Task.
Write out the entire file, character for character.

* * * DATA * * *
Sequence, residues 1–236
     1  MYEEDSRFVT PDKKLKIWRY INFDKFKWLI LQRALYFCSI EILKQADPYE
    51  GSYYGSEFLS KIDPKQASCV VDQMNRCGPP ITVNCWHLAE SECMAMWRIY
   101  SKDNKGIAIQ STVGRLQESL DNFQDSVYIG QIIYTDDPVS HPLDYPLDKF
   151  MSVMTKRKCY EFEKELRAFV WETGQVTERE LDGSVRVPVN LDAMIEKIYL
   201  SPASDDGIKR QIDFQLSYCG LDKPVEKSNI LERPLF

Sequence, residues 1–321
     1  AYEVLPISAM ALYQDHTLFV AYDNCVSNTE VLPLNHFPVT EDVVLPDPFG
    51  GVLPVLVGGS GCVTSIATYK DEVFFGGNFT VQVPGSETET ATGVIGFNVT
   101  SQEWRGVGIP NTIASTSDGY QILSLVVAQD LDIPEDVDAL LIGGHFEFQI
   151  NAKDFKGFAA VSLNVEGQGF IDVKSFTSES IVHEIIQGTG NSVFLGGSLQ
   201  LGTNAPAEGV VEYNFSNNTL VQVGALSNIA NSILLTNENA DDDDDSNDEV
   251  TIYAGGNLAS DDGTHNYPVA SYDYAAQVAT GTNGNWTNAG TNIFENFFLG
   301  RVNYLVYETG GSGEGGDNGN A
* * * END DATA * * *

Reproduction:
Sequence, residues 1–236
     1  MYEEDSRFVT PDKKLKIWRY INFDKFKWLI LQRALYFCSI EILKQADPYE
    51  GSYYGSEFLS KIDPKQASCV VDQMNRCGPP ITVNCWHLAE SECMAMWRIY
   101  SKDNKGIAIQ STVGRLQESL DNFQDSVYIG QIIYTDDPVS HPLDYPLDKF
   151  MSVMTKRKCY EFEKELRAFV WETGQVTERE LDGSVRVPVN LDAMIEKIYL
   201  SPASDDGIKR QIDFQLSYCG LDKPVEKSNI LERPLF

Sequence, residues 1–321
     1  AYEVLPISAM ALYQDHTLFV AYDNCVSNTE VLPLNHFPVT EDVVLPDPFG
    51  GVLPVLVGGS GCVTSIATYK DEVFFGGNFT VQVPGSETET ATGVIGFNVT
   101  SQEWRGVGIP NTIASTSDGY QILSLVVAQD LDIPEDVDAL LIGGHFEFQI
   151  NAKDFKGFAA VSLNVEGQGF IDVKSFTSES IVHEIIQGTG NSVFLGGSLQ
   201  LGTNAPAEGV VEYNFSNNTL VQVGALSNIA NSILLTNENA DDDDDSNDEV
   251  TIYAGGNLAS DDGTHNYPVA SYDYAAQVAT GTNGNWTNAG TNIFENFFLG
   301  RVNYLVYETG GSGEGGDNGN A